Dr Alice Boyes’ PhD research was published in the world’s most prestigious social psychology journal – Journal of Personality and Social Psychology. She is originally from New Zealand but is now a digital nomad. She writes about social, clinical, positive, and relationships psychology topics for various outlets including Psychology Today, Women’s Health, and on her own blog. Follow her on Twitter @DrAliceBoyes.

More about psychopaths

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There is still much controversy when it comes to personality disorders. We still have the image of a serial killer on our hollywood-influenced mind, but real life is much more nuanced.

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I, Psychopath

I, PsychopathPsychopaths… we usually only know them from Hollywood movies. We never expect them to enter our real life. But, the psychopath is closer than you think. Experts believe their number to be as high as one in a hundred. Most of them function in cognito in high-powered professions…all the way to the very top.

But… it takes one to truly know one. In this intriguing documentary, Sam Vaknin, a self-proclaimed psychopath, goes in search of a diagnosis. In a scientific first, he allows himself to undergo testing to find out if he was born without a conscience. He knows he’s narcissistic and cannot empathize with others. By his own admission, he’s pompous, grandiose, repulsive and contradictory, ruthless and devoid of scruples, capricious and unfathomable… but he believes, he’s not a bad person. What he is is indifferent…he couldn’t care less. Unless, of course, the topic is himself.

Vaknin and his long-suffering but ever-loyal wife, Lidija, embark on a diagnostic road trip. But, it’s uncharted territory… deep into the mind and life of a psychopath. The 47-year-old convicted corporate criminal has agreed to take part in the pursuit of his own diagnosis… meeting the world’s experts in psychopathy in the hope that science will provide some answers for why he is like he is. These experts put Vaknin (and his wife) through a battery of rigorous psychological tests and neuro-scientific experiments.

Vaknin is shocked at the results. Sam, his wife, the scientists, the film-makers – will they ever be quite the same again?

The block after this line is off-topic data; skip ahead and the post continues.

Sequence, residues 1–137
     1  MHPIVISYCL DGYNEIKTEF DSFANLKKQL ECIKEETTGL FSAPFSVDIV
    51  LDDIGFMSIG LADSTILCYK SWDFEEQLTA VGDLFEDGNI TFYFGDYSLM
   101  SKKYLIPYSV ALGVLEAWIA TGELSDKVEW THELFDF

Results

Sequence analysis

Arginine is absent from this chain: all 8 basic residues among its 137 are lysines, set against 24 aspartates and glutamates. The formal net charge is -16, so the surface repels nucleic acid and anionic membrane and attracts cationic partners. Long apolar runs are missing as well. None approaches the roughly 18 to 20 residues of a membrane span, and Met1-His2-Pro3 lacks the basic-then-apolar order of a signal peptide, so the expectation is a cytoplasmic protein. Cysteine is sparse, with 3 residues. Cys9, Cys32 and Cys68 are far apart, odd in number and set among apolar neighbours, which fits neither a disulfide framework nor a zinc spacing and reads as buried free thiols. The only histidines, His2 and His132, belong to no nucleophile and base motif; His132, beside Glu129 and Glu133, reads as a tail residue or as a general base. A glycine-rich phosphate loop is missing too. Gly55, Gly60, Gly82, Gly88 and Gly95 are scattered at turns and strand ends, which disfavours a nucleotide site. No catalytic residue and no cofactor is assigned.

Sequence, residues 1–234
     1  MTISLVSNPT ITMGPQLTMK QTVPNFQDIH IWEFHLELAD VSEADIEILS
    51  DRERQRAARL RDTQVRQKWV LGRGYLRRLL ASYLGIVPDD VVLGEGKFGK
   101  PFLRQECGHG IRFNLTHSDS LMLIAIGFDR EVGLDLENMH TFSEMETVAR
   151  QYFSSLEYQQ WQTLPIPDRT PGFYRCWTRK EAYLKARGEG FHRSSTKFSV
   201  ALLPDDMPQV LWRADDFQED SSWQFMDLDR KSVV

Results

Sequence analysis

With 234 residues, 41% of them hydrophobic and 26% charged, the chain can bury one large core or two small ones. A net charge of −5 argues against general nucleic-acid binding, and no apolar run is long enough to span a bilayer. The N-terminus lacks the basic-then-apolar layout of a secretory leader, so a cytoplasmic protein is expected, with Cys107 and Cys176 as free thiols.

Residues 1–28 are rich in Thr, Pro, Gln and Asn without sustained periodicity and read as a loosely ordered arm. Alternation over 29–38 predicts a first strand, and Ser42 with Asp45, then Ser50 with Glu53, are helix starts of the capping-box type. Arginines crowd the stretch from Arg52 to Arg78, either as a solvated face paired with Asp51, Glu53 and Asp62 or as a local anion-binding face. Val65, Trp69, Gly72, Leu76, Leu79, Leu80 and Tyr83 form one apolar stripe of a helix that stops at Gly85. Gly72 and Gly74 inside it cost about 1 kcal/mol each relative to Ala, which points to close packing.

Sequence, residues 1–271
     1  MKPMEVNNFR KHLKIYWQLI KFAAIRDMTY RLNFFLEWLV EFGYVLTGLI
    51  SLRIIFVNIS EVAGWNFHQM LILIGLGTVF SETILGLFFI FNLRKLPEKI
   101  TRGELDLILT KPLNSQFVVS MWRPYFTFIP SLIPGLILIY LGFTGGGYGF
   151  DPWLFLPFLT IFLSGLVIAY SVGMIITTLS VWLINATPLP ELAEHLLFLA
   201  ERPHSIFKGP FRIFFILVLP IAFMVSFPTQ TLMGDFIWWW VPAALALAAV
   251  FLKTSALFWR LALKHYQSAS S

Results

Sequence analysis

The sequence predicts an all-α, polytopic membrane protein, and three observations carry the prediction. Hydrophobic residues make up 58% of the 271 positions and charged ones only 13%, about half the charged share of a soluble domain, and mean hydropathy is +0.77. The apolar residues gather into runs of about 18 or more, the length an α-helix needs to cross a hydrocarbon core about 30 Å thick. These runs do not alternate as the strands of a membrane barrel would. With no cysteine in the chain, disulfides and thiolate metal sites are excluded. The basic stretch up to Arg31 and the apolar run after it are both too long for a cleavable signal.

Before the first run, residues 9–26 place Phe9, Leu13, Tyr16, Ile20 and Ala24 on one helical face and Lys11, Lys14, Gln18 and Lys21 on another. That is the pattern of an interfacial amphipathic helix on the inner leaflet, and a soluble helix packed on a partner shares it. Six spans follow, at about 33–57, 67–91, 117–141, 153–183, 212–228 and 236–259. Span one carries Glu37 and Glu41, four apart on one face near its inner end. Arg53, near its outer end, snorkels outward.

The Validation Project

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This makes me want to be more environmentally friendly, haha

we are the most intelligent species on earth, so maybe we should act like it.

Occupy Sanity

Can you find the fault here?
http://occupyourhomes.org/

This blog is about inspiration. A lot of us want to make our life and others better, every day. Some of us get together and actually fight for this. But; There is often too little time, too much effort and a feeling of helplessness surrounding us when it comes to this. I have the belief, that we today have enough knowledge to actually "make the world a better place". We are capable 193f0c4e5eb72e262f5db6abb793ca96of flying to other planets, making food out of nothing, and curing diseases that people died of before. Still, as we see in the media every day, more and more people suffer. The division between rich and poor grows, and the news show us all the other dark sides: Rape, murder, corrupted politicians and war. After reading "no need to envy", a book about North-Korea: A country were some of the worst conditions imaginable actually exists, I felt anger soaring inside me. That some leaders can try to actually accomplish so much suffering today, is simply terrible. This rage led to a lot of thoughts and ideas, that I now share with the readers of this blog. If just one of you thinks this is a good idea, I would love to know.

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Give a smile to a stranger, and you have taken part in the “validation project”

PROJECT VALIDATION

To introduce the idea, I will ask everyone to watch this short movie first. Even if it takes 18 minutes of your time, I really promise it is worth it (psychologists honor)

We go about our everyday lives wanting things to always be getting better. We hope that our work makes a difference and those who came before us are proud and we wish for our children to have more than what we were given. As anyone knows who has heard Martin Luther King Jr.’s famous speech—delivered fifty years ago this August~ dreams are at the center of any effort to make things better. And today we have something with more power than we might realize: The internet. It’s not without reason that China and North-Korea tried to keep their inhabitants away from news. The media also have immense power, and even if some might argue that they focus on the wrong things (making thin the new fashion, ignoring many crises out there) there still is so many good journalists out there, who really want to make the world a better place. Combine the knowledge, motivation the internet and the media and you have a wonderful recipe: People who actually do something.